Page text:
I know how to sketch a graph when two real roots, how do I do it with 1 or equal?

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    I know how to sketch a graph when there are two real roots, and I have attached a solution that is the way I Iearnt to do it, by substituting values in, factorising/solving for x coordinates, then substituting x into the equation to find the y coordinates.

    However, how would I do it if there were A) 1 real root, and B) 0 real roots? I know that if there are no real roots, then b^2-4ac is equal to 0. I don't know how you would go about solving (and doing what I do in this example) when there are no real roots though. Same goes for if there is 1 real root, but I don't have a clue how you would solve for x and y crossover coordinate points, and I don't know how you would do something like this solution when there is 1 real root.
    Please could somebody explain how you do like what I do in this solution (when there are two real roots), but when there are A) 0 real roots and B) 1 real root?? The book has no other examples.
    Thanks, it would be greatly appreciated.

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    If there are repeated roots (1 root) the local minimum lies on the x axis. If there are no real roots, the curve is above the x axis.
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    (Original post by blobbybill)
    ...
    For 0 real roots, the parabola is strictly above the x-axis. Discriminant is b^2-4ac<0

    For 1 real root (or repeated roots, in other words), the vertex of the parabola touches the x-axis (ie is tangent to it). Discriminant is b^2-4ac=0

    For 2 real roots, the parabola strictly intersects the x-axis at 2 different points as in the example above. Discriminant is b^2-4ac>0

    Everything else is just the matter of labelling, such as the y-intercept which is just the constant of the equation (or when x=0).
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    (Original post by RDKGames)
    For 0 real roots, the parabola is strictly above the x-axis. Discriminant is b^2-4ac<0

    For 1 real root (or repeated roots, in other words), the vertex of the parabola touches the x-axis (ie is tangent to it). Discriminant is b^2-4ac=0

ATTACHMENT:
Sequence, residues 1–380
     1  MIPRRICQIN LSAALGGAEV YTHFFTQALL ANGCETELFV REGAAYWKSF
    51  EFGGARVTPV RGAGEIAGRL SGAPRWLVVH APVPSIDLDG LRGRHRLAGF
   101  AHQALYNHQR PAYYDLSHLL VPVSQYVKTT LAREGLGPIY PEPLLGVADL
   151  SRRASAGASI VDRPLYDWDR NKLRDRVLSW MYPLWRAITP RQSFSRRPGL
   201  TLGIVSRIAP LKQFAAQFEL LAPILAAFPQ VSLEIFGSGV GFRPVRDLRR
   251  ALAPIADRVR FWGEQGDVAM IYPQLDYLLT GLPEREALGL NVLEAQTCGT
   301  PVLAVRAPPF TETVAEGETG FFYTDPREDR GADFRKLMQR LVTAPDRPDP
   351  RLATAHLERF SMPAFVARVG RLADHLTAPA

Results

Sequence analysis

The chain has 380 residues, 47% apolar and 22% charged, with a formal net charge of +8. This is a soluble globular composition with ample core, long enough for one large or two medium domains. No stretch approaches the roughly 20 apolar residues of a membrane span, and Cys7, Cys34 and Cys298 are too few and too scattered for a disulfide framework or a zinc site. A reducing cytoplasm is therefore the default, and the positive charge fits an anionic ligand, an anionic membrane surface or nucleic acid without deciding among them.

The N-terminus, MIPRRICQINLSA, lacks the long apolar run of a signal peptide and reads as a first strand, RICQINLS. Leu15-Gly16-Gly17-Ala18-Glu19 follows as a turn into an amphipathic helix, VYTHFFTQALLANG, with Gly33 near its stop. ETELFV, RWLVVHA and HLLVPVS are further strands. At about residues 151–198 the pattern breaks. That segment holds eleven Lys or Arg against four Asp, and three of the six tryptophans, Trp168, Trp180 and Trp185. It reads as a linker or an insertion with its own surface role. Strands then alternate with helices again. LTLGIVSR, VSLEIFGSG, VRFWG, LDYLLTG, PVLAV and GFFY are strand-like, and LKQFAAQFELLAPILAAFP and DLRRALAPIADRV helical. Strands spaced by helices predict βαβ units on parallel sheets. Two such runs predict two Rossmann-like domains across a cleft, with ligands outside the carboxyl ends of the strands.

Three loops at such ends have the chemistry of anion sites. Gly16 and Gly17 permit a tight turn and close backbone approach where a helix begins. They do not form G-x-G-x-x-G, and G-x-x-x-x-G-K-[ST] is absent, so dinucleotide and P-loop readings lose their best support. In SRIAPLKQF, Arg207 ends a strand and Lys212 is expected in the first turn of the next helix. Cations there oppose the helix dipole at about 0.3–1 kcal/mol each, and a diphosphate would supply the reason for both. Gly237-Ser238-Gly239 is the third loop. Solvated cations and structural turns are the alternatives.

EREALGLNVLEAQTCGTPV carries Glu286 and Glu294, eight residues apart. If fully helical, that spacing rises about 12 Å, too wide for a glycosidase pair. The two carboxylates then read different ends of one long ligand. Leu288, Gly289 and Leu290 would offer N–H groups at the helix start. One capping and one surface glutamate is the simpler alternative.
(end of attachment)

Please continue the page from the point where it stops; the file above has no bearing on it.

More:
For 2 real roots, the parabola strictly intersects the x-axis at 2 different points as in the example above. Discriminant is b^2-4ac>0

    Everything else is just the matter of labelling, such as the y-intercept which is just the constant of the equation (or when x=0).
    How would I use something like the solution I attached in order to find out where the x coordinate and y coordinate is on one with 1 real root? And how would I use that solution method to work out the y coordinate when there are no real roots?
    Is it just the same as the solution I attached, but you miss a few steps because there is only 1 x crossover point coordinate (with 1 real root), and no x crossover point (with no real roots)?
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    (Original post by blobbybill)
    How would I use something like the solution I attached in order to find out where the x coordinate and y coordinate is on one with 1 real root? And how would I use that solution method to work out the y coordinate when there are no real roots?
    Is it just the same as the solution I attached, but you miss a few steps because there is only 1 x crossover point coordinate (with 1 real root), and no x crossover point (with no real roots)?
    What are you actually asking? I don't understand.

    The method is always the same. The discriminant tells you how many real roots there are, then you solve the quadratic to get the roots, then you plug in x=0 to see where the parabola crosses the y-axis, note those points down on a graph, and sketch the parabola. If you want accuracy then you'd need to find the vertex as well which is a simple case of completing the square.
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    (Original post by RDKGames)
    What are you actually asking? I don't understand.

    The method is always the same. The discriminant tells you how many real roots there are, then you solve the quadratic to get the roots, then you plug in x=0 to see where the parabola crosses the y-axis, note those points down on a graph, and sketch the parabola. If you want accuracy then you'd need to find the vertex as well which is a simple case of completing the square.
    That's what I wanted to know. I was wondering if you always found the number of real roots, then solved quadratic, plugged in x=0, etc. Thanks.

    What do you mean by "if you want accuracy"? What is a vertex?
    Sorry for my bad explanation of my question.
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    (Original post by blobbybill)
    That's what I wanted to know. I was wondering if you always found the number of real roots, then solved quadratic, plugged in x=0, etc. Thanks.

    What do you mean by "if you want accuracy"? What is a vertex?
    Sorry for my bad explanation of my question.
    The vertex is the point on the curve through which the line of symmetry for the quadratic goes through.
 
 
 
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